Alternatively, a small issue you may think you are capable of fixing, can quickly turn into a plumbing nightmare. If an issue is arising from the ceiling, floor or behind any walls, it is best to consult a qualified professional for their advice and help. 

The Water Supply (Water Fittings) Regulations and Water Supply (Water Fittings) (Scotland) Byelaws are a set of legal requirements for the installation, design, operation and maintenance of plumbing systems, water fittings and water-using appliances. 

Any plumbing work you do must comply with the WRAS (Water Regulations Advisory Scheme) guidelines and the Building Regulations. Certain types of plumbing work, like building a house, installing a swimming pool or a bath which holds more than 230 litres of water, require your local water supplier to be notified before any work can take place. 

These regulations have been put in place to ensure that the drinking water supplies remain safe and healthy and are not contaminated. If you fail to notify your local water supplier, you could face extra costs to correct the plumbing work and also prosecution. For this reason, it is recommended that you seek advice and guidance from a professional before attempting any plumbing work in your home.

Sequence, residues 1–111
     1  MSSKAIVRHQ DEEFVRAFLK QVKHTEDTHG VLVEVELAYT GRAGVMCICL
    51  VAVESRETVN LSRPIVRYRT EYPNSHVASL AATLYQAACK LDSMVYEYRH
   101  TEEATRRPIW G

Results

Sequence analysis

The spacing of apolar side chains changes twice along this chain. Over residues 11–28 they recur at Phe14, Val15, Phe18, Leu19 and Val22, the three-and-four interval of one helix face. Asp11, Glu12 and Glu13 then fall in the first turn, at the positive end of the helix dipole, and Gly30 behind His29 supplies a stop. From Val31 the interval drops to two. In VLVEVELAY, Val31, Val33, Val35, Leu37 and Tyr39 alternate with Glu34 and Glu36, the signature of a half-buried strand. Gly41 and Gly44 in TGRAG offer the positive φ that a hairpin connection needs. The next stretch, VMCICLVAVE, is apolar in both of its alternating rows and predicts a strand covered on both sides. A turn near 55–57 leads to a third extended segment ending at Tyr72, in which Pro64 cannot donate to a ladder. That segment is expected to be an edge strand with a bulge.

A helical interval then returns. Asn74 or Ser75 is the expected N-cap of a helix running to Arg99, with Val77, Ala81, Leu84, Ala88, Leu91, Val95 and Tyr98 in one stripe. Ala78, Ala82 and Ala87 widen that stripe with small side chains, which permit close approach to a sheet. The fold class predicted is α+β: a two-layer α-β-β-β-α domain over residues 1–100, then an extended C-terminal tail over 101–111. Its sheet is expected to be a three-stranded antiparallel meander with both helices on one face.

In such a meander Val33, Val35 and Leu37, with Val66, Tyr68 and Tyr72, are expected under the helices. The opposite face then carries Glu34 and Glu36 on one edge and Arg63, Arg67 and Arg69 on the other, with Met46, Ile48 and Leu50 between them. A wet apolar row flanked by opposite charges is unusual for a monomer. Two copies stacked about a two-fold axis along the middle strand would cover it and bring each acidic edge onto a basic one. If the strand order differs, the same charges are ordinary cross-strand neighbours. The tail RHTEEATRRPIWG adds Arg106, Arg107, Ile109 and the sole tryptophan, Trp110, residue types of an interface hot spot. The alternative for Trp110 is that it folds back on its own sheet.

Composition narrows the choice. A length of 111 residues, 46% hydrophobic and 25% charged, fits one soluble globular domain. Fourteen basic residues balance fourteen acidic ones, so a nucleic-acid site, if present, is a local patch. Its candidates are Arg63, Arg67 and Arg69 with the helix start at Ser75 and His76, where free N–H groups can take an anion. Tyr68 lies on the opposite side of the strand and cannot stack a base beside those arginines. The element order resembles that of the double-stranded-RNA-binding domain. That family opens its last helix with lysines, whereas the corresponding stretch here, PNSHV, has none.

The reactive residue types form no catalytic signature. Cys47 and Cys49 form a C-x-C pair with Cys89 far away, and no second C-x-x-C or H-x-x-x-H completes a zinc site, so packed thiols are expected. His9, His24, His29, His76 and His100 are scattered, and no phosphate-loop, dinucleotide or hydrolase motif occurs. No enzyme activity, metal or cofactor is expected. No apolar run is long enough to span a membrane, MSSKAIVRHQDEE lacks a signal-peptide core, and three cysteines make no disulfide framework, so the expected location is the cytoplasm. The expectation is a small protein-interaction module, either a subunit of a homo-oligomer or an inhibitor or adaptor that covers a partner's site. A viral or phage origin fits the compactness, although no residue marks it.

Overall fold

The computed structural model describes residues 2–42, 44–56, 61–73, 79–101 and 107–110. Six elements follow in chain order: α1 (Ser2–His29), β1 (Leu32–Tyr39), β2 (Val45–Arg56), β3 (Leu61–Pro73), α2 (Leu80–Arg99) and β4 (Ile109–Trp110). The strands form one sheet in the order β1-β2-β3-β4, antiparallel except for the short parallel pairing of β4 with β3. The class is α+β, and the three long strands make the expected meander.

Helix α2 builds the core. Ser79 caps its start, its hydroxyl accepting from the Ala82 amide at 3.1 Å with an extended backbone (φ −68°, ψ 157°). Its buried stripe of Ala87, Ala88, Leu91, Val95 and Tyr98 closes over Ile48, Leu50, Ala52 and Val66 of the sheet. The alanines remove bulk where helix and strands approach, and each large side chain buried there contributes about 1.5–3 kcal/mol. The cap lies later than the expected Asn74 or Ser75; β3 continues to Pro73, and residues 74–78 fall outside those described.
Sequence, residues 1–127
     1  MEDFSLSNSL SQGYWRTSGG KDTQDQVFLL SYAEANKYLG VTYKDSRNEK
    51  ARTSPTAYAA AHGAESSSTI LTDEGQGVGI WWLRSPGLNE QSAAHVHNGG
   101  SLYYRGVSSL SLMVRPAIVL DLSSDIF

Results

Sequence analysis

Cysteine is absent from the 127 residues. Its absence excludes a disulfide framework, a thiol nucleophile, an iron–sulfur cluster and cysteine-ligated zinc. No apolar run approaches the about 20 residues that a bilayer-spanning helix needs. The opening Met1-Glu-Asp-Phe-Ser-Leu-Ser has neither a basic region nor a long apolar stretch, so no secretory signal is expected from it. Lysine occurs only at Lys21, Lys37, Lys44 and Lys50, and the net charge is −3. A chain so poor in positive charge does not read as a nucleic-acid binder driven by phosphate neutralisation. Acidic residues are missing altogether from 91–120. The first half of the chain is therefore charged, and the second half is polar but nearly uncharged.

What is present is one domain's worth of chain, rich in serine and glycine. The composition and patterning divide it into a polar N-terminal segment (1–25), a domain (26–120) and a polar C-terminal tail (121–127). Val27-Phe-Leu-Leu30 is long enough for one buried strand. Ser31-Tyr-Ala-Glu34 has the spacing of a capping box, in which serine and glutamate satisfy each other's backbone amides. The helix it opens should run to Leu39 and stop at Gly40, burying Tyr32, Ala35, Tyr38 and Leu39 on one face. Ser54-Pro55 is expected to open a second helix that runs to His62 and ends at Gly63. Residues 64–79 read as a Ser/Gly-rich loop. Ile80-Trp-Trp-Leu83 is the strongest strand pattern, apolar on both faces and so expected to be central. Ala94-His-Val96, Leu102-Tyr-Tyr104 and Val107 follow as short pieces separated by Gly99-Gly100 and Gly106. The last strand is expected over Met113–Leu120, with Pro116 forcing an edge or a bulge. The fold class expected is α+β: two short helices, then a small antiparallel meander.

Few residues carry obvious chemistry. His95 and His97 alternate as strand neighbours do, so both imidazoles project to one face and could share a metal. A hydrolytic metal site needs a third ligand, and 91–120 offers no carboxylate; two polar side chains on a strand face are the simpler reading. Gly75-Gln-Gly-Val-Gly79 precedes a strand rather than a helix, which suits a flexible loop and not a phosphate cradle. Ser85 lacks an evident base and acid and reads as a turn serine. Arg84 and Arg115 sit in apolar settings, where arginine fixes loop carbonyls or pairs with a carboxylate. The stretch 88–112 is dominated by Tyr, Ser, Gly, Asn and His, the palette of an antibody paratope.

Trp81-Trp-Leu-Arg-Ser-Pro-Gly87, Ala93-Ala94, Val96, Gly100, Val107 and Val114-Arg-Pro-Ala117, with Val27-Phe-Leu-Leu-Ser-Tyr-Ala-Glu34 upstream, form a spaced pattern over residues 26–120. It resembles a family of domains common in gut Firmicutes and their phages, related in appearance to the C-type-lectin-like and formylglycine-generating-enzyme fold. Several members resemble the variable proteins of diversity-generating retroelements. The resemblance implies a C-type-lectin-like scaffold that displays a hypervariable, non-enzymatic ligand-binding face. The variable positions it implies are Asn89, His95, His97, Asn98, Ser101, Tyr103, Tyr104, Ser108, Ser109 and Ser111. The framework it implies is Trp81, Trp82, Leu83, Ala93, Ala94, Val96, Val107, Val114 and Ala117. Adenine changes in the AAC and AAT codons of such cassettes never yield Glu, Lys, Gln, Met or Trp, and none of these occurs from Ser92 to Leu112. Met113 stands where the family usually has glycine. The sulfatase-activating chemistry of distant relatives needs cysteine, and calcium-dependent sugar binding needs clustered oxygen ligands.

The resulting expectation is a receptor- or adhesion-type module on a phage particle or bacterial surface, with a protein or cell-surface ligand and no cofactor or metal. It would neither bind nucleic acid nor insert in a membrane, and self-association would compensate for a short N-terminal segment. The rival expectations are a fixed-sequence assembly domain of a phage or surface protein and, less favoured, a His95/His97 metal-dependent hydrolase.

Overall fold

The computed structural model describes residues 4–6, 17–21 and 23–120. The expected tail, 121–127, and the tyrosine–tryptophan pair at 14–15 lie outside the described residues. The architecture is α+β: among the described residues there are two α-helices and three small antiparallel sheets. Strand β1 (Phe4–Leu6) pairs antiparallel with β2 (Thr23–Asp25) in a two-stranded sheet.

• Do seek professional advice for any plumbing work you are considering having done in your home.

  • Do find out where your water valves are before attempting any plumbing work, so that you can turn them off in case of an emergency or faulty work. 

  • Do ensure that you drain down the system once you have turned off the water valves before commencing work. 

  • Don’t ignore the regulations and the legal notification requirements; always make sure you are capable of doing the work first. 

Other house rules to follow

It’s important you consider the risks involved in the item of work, whether it be gas, plumbing, electric, or carpentry. If there are regulations in place to protect you, it’s imperative that you follow them; the same if you find the job is beyond your skillset as there is no shame in reaching out for help.